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Collaborative Blogging, Film Reviews

Jingle Jangle: A Christmas Journey, or: Hark the Herald Androids Sing

It’s December with less than 3 weeks until Christmas, and you can bet we’re keeping things festive on the Blog Collab. Don’t worry–this week’s pick features no fetus angels, alternate timelines, or public outings of multiple LGBTQ folks. However, you’d better be prepared for plenty of song and dance, flying robots, and a colorful steampunk aesthetic this time around.

The Film:

Jingle Jangle: A Christmas Journey

The Premise:

Years after betrayal from his apprentice and the tragic death of his wife, a curmudgeonly inventor struggles to connect with his granddaughter as he works on creating a toy that could save his career and family.

The Ramble:

In the present day (which feels close to the early 20th century except steampunk), young siblings have a disagreement about whether the dancing figures that seem to appear in the fireplace are real…or if Christmas magic is well and truly dead. Their knowing grandmother is fully prepared to entertain the children with a special story, The Invention of Jeronicus Jangle. And perhaps the story will contain its own lessons about Christmas magic along the way.

Beside a Christmas tree, an elderly woman sits in an armchair, holding a book. On either side of her sits a child looking on with anticipation.

As the story goes, Jeronicus Jangle (disappointingly, no one in this film was actually christened with the name Jingle Jangle) was a genius inventor who oversaw the most wonderful toy shop around. Along with his wife Joanne and daughter Jessica, Jeronicus created rather steampunk inventions. His latest is a matador-inspired doll that comes to life and happens to be the most stereotypical caricature of a Spaniard…so it’s no surprise that its name is Don Juan Diego. Now a sentient being, Don Juan has an extremely existential crisis when he discovers the toymaker’s plan is to mass-produce millions of his clones. I also have a lot of questions about this, honestly.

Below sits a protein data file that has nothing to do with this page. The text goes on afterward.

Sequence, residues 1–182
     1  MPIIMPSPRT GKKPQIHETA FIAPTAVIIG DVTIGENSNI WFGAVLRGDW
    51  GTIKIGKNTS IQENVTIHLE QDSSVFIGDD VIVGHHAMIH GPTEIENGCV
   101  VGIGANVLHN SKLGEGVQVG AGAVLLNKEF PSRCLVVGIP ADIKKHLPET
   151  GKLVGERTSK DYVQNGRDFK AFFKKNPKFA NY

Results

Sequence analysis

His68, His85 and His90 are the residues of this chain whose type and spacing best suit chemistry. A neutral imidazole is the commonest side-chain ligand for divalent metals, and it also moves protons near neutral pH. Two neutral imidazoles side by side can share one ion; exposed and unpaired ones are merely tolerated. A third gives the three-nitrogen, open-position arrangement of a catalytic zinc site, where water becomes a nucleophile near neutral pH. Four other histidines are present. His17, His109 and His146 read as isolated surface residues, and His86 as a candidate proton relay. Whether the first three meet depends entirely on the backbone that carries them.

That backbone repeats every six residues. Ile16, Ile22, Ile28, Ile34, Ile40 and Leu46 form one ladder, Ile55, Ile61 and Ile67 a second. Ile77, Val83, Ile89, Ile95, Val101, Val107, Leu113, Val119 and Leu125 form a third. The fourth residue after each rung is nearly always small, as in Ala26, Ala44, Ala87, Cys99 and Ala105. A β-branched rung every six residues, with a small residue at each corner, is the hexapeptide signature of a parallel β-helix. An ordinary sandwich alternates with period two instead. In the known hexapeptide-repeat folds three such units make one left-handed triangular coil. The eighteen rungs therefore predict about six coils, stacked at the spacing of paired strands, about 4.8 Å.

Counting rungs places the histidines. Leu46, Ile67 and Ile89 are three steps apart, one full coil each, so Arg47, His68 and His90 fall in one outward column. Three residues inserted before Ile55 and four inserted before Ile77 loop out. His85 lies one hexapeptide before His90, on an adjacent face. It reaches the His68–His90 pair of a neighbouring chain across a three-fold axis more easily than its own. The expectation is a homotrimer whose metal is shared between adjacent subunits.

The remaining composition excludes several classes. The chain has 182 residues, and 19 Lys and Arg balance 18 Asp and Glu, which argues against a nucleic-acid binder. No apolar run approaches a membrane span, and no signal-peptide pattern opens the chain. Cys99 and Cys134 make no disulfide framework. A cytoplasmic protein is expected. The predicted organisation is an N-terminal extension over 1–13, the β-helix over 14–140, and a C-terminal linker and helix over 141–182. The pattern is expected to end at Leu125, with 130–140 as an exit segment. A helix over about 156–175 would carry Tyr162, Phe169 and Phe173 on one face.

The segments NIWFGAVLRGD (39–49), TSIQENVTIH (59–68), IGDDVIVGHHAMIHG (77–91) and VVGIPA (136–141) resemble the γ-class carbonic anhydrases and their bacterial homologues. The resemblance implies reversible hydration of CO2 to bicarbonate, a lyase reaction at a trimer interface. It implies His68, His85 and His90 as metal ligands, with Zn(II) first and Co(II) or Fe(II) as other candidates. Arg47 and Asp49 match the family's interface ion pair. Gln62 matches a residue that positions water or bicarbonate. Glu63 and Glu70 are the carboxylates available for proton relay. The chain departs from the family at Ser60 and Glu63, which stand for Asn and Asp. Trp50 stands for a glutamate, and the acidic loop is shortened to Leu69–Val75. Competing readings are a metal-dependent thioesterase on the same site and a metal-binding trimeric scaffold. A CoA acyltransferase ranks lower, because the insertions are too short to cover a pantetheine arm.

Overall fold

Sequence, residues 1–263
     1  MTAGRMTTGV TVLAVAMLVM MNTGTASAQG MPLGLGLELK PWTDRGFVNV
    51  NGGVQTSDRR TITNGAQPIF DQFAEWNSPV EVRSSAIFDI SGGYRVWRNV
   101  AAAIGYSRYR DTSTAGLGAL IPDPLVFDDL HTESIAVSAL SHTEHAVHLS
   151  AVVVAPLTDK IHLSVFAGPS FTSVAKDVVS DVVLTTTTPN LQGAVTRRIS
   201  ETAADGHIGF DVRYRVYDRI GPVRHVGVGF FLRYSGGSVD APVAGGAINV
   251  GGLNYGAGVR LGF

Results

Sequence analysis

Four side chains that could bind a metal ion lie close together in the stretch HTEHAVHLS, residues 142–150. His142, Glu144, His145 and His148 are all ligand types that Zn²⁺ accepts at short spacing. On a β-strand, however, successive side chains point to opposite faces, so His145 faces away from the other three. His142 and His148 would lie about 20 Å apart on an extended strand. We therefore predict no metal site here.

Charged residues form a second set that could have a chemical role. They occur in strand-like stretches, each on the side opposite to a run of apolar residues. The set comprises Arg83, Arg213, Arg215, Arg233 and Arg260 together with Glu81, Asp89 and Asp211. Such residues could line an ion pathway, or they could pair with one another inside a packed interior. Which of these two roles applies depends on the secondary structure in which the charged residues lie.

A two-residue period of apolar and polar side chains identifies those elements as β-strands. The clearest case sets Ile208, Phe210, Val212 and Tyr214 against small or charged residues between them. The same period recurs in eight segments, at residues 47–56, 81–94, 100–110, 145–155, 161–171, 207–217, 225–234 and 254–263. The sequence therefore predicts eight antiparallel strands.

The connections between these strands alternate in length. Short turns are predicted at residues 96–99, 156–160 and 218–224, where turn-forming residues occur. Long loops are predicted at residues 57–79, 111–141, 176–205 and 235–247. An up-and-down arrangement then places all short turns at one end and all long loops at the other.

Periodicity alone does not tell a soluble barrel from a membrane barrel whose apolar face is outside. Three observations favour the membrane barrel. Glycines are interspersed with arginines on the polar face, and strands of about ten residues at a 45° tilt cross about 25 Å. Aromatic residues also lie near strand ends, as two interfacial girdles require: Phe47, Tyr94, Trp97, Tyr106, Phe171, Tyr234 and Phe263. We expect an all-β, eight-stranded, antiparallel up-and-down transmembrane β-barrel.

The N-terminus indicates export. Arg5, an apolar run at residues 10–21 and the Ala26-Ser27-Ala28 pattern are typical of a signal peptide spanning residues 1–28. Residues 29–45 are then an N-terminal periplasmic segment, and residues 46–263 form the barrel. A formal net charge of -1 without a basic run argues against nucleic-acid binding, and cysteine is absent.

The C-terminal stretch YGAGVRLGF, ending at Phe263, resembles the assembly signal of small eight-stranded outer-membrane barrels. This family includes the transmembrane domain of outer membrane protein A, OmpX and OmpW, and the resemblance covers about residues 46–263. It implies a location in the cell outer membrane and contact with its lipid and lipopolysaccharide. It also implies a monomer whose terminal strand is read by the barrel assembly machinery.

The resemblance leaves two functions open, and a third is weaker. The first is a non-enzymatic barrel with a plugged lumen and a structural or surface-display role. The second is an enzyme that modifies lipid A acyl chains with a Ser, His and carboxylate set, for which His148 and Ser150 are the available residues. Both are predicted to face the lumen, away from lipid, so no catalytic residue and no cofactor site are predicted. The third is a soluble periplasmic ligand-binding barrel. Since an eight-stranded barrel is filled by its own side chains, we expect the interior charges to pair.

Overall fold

A mean wearing goggles in a gadget-filled workshop unveils his latest toy invention as a woman and girl look on excitedly.

Quite cunningly, Don Juan catches onto the resentment of apprentice Gustafson and uses the situation to his advantage, manipulating the young man to take off with all of Jangle’s plans that really should have been copyrighted by now. Shortly after the betrayal, Jangle falls into despair when his wife dies. Stalled as an inventor and neglectful as a father, Jangle ends up all alone and with no inspiration for new ideas. He vows to never create another invention again.

A man dressed elegantly looks angrily at a toy, a figure dressed in a blue matador costume that is moving on its own.

Decades later, Gustafson has set up an even more successful shop, getting away with his theft for…reasons. Though Don Juan is the toy, it becomes pretty obvious he’s the one pulling the strings in this operation. However, the team has now gone through every blueprint in Jangle’s massive book of plans, and they struggle to come up with original ideas that will work.

Meanwhile, Jangle operates a pawnbroker’s shop with the help of his chipper young assistant Edison. Postal worker Ms. Johnston seems to be one of the few folks around who actually likes Jangle, encouraging him to smile (and pay her some attention). But Jangle is focused completely on inventing, as he’s been given a deadline by the bank to come up with a product or face massive debt. Why is money suddenly a sufficient incentive for Jangle to dig out the inventor’s toolkit? Again…reasons.

Around this time, Jangle’s granddaughter Journey decides it’s past time that she met her legendary grandfather. Still embittered after his experience with Gustafson, Jangle requires Journey to sign a legally binding agreement before she can even stay with him.